(It’s worth noting that the specific language on Schedule B has been tweaked over the years, but the gist remains the same. You can read more about the box and foreign reporting here.)

To be clear, it’s not a crime to have money or other property offshore, but it is a crime to fail to disclose those accounts or property. (You can read more about the benefits and risks of going offshore here.)

The government claims that even though Manafort had authority over foreign accounts that required an FBAR filing for at least the years 2008 through 2014, including those owned by the entities he created with Gates, he did not make any FBAR filings. Additionally, in each of Manafort’s tax filings – meaning Schedule B on his forms 1040 – for 2008 through 2014, the government claims that he represented falsely that he did not have authority over any foreign bank accounts.

Manafort’s tax preparer did attempt due diligence, asking Manafort in writing in 2011, “At any time during 2010, did you [or your wife or children] have an interest in or a signature or other authority over a financial account in a foreign country, such as a bank account, securities account or other financial account?” That same day, Manafort allegedly answered “NO.” That line of question and answers from Manafort’s tax preparer and Manafort continued through at least October 3, 2016.

However, Manafort’s answers weren’t truthful, according to the government. During this time, both Gates and Manafort reportedly had stashed funds in numerous foreign nominee companies and bank accounts all over the world, including places like Cyprus, Saint Vincent & the Grenadines (Grenadines), and the Seychelles.

The remaining counts, 24-32, involve bank fraud related mostly to loans. Between 2015 and 2017, the government claims that Manafort’s income from the Ukraine dwindled after Yanukovych fled to Russia. To keep the money flowing, Manafort is accused of using his United States properties as collateral to obtain loans from a number of different financial institutions.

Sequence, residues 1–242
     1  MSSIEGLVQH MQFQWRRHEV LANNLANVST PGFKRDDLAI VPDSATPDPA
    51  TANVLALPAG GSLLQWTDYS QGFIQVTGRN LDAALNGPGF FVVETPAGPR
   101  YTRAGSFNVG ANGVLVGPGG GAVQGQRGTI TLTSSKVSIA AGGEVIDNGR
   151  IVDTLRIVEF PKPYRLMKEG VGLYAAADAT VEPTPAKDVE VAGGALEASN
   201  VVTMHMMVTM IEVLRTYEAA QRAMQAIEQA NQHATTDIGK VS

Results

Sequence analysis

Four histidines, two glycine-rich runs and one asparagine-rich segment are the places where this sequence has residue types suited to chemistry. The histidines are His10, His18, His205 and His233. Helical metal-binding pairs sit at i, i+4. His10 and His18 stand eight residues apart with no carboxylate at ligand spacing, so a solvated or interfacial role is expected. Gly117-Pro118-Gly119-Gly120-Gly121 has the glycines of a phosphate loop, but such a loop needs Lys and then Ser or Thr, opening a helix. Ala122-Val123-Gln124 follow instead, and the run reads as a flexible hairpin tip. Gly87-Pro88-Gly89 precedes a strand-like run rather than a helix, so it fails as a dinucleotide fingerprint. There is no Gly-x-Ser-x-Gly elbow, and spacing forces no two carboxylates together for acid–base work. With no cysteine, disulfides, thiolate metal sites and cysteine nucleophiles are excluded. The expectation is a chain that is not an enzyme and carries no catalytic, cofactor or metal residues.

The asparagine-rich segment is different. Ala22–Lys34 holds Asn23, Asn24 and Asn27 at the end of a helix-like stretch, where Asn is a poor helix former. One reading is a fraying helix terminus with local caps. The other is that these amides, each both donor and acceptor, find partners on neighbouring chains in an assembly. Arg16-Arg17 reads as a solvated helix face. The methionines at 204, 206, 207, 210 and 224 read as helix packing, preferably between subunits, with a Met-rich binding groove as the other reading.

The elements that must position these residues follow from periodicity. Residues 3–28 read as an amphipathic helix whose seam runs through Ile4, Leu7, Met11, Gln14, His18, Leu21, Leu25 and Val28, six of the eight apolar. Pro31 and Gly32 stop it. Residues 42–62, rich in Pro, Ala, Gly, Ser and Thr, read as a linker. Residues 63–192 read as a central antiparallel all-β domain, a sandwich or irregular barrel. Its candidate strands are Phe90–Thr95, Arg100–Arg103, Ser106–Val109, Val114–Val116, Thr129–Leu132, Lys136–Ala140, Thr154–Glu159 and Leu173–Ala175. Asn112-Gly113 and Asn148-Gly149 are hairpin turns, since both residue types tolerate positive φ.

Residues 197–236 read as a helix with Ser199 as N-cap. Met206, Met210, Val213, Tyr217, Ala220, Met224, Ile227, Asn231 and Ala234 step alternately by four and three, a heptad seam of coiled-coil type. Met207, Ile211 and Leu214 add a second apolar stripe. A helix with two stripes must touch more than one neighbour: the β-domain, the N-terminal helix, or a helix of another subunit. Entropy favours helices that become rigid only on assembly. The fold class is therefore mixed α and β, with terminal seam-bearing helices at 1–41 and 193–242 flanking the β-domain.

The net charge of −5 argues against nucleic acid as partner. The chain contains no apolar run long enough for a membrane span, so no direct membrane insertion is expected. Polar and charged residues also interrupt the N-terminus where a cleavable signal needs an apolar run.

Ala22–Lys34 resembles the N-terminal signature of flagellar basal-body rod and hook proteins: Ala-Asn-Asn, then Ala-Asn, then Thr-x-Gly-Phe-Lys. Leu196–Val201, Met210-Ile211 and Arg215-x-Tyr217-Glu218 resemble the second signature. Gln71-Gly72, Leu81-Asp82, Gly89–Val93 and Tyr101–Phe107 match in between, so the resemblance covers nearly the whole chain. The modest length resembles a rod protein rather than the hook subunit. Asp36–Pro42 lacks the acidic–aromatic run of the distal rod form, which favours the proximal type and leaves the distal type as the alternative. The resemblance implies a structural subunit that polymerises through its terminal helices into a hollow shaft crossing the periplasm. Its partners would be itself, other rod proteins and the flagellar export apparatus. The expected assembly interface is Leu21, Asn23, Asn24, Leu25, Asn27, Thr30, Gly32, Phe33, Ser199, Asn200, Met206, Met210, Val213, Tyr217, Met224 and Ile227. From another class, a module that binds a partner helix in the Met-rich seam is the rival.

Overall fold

To get more than $20 million in loans, Manafort, with Gates’ assistance, allegedly falsely inflated his company’s income by using fabricated profit and loss statements, and failed to disclose existing debt.

In total, the government alleged that more than $75,000,000 flowed through offshore accounts controlled by Manafort and Gates. Manafort is accused of laundering more than $30,000,000, with Gates’ assistance, and concealing that income from the United States Department of the Treasury, the Department of Justice, and others.

Manafort has pleaded not guilty to all of the charges. Gates pleaded guilty by agreement in February to one count of conspiracy and one count of making false statements (you can read the plea agreement here). Gates testified for the government against Manafort during the trial.

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Kelly Erb is a tax attorney, tax writer and podcaster.